How can marketers use data to deliver the friction-free journey that customers expect? Use this guide to build your own action plan.
Today’s consumers are always “on” — across mobile, online and offline environments, with a device (or two, or three) always by their side, whether it’s a tablet, laptop or smartphone. These multi-tasking consumers typically interact at multiple points along the path to purchase, and the vast majority expect a seamless customer experience along the way.
It wasn’t always this way, of course. One needn’t look back farther than the late 1990s to find a simpler, more straightforward time in the digital marketing landscape, which focused on display advertising — with search subsequently added to the mix. At that time, everything could be tracked and managed through tags and cookies since most traffic was done through web browsers.
Now marketers deal with a vastly different marketing universe. Since the debut of the iPhone in 2007, and the subsequent mainstream use of smartphones and tablets, consumers now expect marketers to react to them in real time, or very near real time, in whatever channel they choose to interact. This creates significant challenges for modern marketers and requires a drastically different setup, because no longer is tracking and management about tags and browsers, but APIs, SDKs and a variety of applications.
So how can marketers deliver the friction-free options customers expect? After all, they don’t know or care that solutions were purchased based on a previous model of display-based marketing, or that there are separate, siloed departments for everything from media to customer experience. Thanks to the new always-on, real-time world, they want increased personalization; relevant and timely messaging; and excellent omnichannel experiences even when they are constantly on the move, engaging with brands across multiple devices.
So far, marketers have not been able to support these consumer desires to the extent that consumers expect — not only in terms of interacting with brands directly but what companies can do based on customer information they already have. For example, imagine an airline that serves up an inappropriate ad that clearly doesn’t fit in with what the customer has indicated she is interested in. Perhaps that customer has a yearly WiFi membership with the airline, but when she opens up the airline’s mobile app, a message always pops up asking if she wants to buy internet access — even though she already has it and the airline must have a record of the WiFi subscription.
Since she is already very engaged in what the airline is offering her, to see something so off-base is somewhat insulting. If a company hasn’t used the information she has provided to make her customer experience more personal and relevant, that’s bad for business as well as for consumer experience.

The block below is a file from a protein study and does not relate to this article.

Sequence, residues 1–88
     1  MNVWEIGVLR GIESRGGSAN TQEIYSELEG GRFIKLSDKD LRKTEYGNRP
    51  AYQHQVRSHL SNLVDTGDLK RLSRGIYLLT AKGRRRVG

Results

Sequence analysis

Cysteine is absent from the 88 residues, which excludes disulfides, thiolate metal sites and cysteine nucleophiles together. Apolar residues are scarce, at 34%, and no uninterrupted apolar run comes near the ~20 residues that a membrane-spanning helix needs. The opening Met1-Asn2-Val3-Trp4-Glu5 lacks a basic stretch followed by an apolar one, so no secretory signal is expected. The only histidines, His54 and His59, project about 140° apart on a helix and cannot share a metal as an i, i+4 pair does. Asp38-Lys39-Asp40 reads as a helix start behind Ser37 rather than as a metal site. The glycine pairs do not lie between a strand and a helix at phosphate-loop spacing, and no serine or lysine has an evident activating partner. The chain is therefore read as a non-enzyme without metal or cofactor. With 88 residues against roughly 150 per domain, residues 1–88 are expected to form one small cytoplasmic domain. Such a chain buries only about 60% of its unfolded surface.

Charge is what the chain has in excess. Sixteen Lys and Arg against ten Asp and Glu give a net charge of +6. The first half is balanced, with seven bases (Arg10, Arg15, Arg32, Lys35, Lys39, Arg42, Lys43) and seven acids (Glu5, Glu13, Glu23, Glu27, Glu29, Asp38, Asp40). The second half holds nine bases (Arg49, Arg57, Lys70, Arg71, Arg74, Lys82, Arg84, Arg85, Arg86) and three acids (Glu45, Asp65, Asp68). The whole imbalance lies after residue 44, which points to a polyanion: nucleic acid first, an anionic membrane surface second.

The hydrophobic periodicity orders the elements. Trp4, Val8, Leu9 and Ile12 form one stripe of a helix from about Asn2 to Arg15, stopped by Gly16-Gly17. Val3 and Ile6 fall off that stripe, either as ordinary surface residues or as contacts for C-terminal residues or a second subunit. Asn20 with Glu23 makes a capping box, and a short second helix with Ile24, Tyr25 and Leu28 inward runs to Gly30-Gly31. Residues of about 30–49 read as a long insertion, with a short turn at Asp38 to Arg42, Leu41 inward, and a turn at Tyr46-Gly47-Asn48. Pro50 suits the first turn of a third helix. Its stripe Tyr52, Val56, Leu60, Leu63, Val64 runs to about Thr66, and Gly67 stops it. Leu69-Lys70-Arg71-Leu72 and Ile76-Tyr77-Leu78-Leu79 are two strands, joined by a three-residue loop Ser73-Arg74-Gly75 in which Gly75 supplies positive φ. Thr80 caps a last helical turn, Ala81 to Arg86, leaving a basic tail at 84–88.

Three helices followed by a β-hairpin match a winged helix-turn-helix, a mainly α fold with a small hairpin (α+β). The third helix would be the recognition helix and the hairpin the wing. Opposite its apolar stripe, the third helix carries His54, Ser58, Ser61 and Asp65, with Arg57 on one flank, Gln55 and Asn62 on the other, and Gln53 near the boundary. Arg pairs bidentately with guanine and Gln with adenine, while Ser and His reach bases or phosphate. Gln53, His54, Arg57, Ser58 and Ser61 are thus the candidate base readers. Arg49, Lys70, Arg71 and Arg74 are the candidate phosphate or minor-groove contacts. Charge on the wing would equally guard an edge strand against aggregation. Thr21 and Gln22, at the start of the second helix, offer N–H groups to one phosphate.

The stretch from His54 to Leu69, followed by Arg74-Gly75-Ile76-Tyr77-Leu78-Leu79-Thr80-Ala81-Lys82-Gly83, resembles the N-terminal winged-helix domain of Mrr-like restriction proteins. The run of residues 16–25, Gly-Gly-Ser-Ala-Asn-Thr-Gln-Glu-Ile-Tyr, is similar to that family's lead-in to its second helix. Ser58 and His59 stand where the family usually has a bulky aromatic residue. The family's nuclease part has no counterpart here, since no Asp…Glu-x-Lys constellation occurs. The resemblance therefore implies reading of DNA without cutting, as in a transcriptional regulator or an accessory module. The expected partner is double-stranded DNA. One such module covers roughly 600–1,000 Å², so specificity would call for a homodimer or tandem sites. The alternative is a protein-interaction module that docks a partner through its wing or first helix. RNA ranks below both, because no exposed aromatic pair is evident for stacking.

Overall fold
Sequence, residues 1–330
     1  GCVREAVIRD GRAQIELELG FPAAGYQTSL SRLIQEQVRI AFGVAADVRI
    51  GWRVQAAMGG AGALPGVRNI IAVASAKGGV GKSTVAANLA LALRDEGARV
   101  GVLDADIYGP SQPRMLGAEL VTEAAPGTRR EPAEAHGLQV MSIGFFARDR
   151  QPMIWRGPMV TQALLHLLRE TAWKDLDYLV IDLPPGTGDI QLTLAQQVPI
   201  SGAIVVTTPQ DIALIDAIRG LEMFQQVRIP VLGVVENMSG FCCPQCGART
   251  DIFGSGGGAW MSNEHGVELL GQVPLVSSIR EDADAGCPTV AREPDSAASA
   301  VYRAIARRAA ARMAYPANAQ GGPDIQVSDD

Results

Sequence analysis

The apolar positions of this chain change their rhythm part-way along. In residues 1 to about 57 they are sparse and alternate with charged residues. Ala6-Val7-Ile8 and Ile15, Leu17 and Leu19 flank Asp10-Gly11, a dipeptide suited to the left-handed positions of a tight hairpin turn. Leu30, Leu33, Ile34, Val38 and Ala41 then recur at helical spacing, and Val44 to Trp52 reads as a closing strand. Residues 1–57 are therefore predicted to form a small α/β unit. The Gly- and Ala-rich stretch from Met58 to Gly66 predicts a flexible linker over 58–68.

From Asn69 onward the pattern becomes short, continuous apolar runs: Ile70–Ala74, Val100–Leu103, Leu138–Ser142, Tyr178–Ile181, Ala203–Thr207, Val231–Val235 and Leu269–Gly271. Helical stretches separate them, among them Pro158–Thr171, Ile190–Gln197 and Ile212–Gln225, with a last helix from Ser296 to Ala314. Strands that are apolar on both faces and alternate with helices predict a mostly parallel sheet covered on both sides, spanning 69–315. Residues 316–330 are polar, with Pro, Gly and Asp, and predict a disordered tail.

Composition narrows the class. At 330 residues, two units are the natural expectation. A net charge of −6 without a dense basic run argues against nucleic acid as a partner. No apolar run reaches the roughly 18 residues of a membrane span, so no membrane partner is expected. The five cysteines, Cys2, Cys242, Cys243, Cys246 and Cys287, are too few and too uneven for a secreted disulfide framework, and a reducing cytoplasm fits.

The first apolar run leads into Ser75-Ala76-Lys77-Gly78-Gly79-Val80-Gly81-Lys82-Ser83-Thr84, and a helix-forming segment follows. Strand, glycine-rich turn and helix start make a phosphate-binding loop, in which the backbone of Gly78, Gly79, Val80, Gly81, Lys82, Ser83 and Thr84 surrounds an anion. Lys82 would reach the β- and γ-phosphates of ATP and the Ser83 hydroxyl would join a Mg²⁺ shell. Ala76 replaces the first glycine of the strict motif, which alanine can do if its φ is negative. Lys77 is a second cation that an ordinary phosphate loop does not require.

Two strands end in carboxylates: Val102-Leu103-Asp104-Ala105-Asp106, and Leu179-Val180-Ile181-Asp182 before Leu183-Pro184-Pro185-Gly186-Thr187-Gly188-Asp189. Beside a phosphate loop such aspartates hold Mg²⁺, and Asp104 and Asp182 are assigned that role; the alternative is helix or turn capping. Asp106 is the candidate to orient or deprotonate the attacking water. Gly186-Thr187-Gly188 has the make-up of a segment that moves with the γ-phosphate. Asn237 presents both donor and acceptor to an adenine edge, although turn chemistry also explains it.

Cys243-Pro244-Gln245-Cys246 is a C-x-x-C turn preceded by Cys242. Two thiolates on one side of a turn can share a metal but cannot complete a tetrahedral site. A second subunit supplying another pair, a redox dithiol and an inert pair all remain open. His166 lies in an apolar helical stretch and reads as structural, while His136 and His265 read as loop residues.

The solution to the above problem is both the biggest opportunity as well as the toughest challenge marketers face right now: to truly understand the customer across channels. As digital marketing has evolved from just a few channels to an explosion of devices and touchpoints, each with its own siloed team, technology tools and customer data sets, connecting data and resolving identity may seem like a tall order.
A Signal study found that companies use on average of 12.7 different tools daily to go about their marketing business. Another 9 percent use a whopping 31 different tools. It’s difficult to even maintain that many systems, let alone get value out of them. This high level of complexity is completely invisible to the consumer — if they knew how many different systems are involved in generating an ad impression or marketing to them, they might think marketers are crazy!
Within those systems lies the challenge: fragmented customer identity. Above was an airline example. Of course, airlines have the benefit of connecting frequent flyer numbers to their customers, which, in theory, should make tying all of a consumer’s different identities together across channels a realistic possibility. But even in that case, execution is still difficult.
So, a company that doesn’t have the luxury of any unique customer identifier across channels has an even more important task to try and come up with a solution that can center around the customer.
The reality is that marketers need help — from across people, process and technology standpoints. They need new tools and skill sets that involve foundational projects which will require a significant time investment and reorganization. The first impulse tends to be to chase the next shiny object— the latest advertising solution or trendy social media tool.
Instead, marketers need to transition from a campaign one-off focus to treating data as a discipline and a priority. There are clear things marketers can do to make sure they progress along the data maturity model and tie marketing results to concrete business objectives and outcomes.
With the right actionable plan focusing on people, process and technology, with wise and well-thought-out investments, marketers can start making significant progress towards catching up with their ever-evolving customers in just one year. These are Signal’s five key recommendations for marketers to set themselves up for success. Some of these steps may occur concurrently, or evolve one into the other. However, all of them are necessary elements to bring to bear in order to reach today’s consumers in the ways they expect.